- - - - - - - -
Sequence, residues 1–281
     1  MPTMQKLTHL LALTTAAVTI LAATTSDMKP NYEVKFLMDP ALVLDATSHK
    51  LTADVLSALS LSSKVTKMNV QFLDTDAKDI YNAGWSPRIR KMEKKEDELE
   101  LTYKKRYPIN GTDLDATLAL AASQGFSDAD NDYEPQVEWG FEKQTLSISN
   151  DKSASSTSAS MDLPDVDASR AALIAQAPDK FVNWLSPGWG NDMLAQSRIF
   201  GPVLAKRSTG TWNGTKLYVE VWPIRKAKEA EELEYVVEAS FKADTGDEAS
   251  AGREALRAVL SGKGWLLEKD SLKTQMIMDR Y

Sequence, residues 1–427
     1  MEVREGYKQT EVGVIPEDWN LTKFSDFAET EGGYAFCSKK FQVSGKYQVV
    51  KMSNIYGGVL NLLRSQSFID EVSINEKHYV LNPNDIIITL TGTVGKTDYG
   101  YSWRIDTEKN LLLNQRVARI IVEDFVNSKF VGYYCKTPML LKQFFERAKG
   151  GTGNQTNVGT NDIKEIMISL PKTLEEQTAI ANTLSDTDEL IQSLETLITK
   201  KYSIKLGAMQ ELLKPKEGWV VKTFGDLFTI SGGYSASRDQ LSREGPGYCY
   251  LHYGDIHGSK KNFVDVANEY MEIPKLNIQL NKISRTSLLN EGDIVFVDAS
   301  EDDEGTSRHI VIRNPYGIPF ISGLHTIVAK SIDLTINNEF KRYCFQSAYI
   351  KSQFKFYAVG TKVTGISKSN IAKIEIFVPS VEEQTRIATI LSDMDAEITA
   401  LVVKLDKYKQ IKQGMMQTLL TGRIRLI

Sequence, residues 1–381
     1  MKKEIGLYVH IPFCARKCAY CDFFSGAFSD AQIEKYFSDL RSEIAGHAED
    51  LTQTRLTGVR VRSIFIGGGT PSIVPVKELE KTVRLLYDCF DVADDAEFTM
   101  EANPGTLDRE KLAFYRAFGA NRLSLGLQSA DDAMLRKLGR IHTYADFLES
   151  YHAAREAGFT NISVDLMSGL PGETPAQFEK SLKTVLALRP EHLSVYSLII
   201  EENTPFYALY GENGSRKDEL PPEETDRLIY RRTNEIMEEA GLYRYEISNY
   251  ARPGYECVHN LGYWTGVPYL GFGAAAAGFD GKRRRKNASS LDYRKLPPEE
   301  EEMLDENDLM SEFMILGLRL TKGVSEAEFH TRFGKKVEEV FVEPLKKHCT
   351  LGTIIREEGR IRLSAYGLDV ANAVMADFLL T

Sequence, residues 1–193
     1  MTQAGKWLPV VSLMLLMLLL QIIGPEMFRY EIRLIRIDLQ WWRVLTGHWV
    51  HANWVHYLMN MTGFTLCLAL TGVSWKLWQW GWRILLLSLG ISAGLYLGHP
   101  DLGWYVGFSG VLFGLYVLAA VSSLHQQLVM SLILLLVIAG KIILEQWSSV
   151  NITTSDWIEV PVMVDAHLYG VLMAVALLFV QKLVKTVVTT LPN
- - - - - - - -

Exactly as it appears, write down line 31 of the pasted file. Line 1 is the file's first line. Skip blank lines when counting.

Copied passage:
   151  NITTSDWIEV PVMVDAHLYG VLMAVALLFV QKLVKTVVTT LPN